However, the coordinator gave me another option. If I would take Pawso and Samba to the local pet store the following weekend, I could personally try and market them as a bonded pair to potential adopters. With my testimony, perhaps I would find a family who would want both of them. I felt my blood begin to boil just like it did when I worked with children in the foster care system. Oftentimes, the focus on adoption, and understandably so, tramples the individual needs and best interests of the child. Kitten rescue was not any different than human social services. Low resources and too many needs lead to decisions that must address the current crisis. This approach comes at the expense of the unique needs of the participants.

I knew taking Pawso to a public event and putting him on display to potential adopters would traumatize him and likely undo all the progress he had made thus far. I also knew that no one would want Pawso because in that new environment, he would naturally go into survival mode and hide, claw, hiss, and express his anger and fear. I knew adopters wanted cute, fluffy, cuddly kittens. Pawso was no such thing! I knew I had a lot to think about but one thing at a time….

A new side of Pawso

As I loaded Samba into her cat carrier on spay day, I was excited that this lovely cat would never get pregnant and never contribute to the already existing overpopulation of cats. However, I watched Pawso silently cower in the corner of the room, and for the first time, break his silence by voicing the saddest little “meep.” Could it be that he was letting us know he did not want Samba to leave?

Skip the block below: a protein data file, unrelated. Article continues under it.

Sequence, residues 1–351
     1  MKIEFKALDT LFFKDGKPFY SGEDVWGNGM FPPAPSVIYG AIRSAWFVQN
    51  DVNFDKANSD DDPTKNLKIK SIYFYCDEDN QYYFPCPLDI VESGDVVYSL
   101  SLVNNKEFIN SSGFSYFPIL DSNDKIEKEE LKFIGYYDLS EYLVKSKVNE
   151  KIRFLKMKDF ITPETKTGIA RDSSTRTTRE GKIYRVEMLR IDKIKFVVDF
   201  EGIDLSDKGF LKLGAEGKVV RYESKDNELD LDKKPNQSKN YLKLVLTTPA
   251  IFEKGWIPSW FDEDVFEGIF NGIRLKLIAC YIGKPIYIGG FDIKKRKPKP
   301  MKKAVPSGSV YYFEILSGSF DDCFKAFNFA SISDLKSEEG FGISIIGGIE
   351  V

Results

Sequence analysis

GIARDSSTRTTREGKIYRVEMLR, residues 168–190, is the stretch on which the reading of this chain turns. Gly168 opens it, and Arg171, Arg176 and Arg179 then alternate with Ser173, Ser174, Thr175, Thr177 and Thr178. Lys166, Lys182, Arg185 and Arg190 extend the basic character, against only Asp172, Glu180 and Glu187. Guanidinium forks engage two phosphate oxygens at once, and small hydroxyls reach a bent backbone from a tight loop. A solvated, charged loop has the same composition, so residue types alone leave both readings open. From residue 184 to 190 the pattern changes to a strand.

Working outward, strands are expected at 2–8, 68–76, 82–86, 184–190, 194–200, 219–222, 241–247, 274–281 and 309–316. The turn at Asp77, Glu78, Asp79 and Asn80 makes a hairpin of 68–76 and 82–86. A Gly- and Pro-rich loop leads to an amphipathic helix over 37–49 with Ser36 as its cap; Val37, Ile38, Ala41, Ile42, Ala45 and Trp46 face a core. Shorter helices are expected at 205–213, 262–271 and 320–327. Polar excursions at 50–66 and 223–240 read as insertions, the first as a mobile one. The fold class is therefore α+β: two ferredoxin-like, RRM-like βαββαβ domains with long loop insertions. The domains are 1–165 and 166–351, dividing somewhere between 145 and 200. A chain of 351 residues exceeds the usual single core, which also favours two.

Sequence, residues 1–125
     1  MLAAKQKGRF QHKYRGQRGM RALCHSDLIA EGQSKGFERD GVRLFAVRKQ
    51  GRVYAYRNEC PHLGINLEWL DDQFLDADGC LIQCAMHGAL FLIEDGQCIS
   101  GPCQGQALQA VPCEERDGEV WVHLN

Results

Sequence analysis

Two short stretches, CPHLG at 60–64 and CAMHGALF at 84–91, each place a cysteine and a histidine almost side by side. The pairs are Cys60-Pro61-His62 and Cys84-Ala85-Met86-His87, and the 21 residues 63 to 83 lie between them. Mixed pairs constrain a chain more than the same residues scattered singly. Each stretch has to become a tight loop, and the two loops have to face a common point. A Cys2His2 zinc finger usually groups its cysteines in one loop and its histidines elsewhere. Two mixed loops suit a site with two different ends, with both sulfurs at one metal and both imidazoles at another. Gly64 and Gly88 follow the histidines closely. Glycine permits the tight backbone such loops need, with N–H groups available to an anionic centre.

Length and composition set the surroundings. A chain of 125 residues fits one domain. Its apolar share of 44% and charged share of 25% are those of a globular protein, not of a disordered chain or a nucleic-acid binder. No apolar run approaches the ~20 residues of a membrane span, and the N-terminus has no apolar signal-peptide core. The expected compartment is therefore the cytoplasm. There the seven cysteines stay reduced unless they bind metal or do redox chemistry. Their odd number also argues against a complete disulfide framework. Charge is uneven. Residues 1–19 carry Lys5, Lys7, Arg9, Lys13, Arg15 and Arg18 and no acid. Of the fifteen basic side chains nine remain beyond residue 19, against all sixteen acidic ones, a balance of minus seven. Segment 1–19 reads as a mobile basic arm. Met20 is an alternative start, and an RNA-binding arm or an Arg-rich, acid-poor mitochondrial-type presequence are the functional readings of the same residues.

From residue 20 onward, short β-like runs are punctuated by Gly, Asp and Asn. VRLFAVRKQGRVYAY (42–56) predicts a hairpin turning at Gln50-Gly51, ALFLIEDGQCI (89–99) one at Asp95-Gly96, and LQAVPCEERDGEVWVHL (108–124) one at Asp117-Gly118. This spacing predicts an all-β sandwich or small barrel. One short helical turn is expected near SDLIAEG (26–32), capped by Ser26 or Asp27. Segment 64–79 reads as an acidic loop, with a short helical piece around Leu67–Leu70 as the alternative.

When I returned to the cat room, without Samba, Pawso almost tripped me as he barreled toward my legs with the same pitiful “meep,” only much louder. This was the first time Pawso had ever approached me so comfortably and eager. I bent down and petted him. He did not reject me. I sat on the couch and he jumped up on my lap with the intention to be as still as possible, but his tiny body shook so much I could feel the shivers through my legs. I savored this special moment to finally be close to this precious kitten whom I had loved for months. However, I knew that his urgency to be near me was due to his devastation that his sissy and “mama” Samba was gone.


I spent all afternoon with Pawso at my heels and marveled at his sudden tolerance of my touch without any claws or nips. As night came, bedtime haunted both of us. Knowing he would have a terrible night the moment I closed the cat door and the dark loneliness surrounded him, I went through all of my childhood stuffies until I found my favorite cat. I laid the black and white stuffed cat at the top of the kitty Confidence Station, Pawso’s favorite spot, and in no time at all, I found him curled up and snuggling close to the stuffed cat for the comfort of a sense of connection.

Samba returns home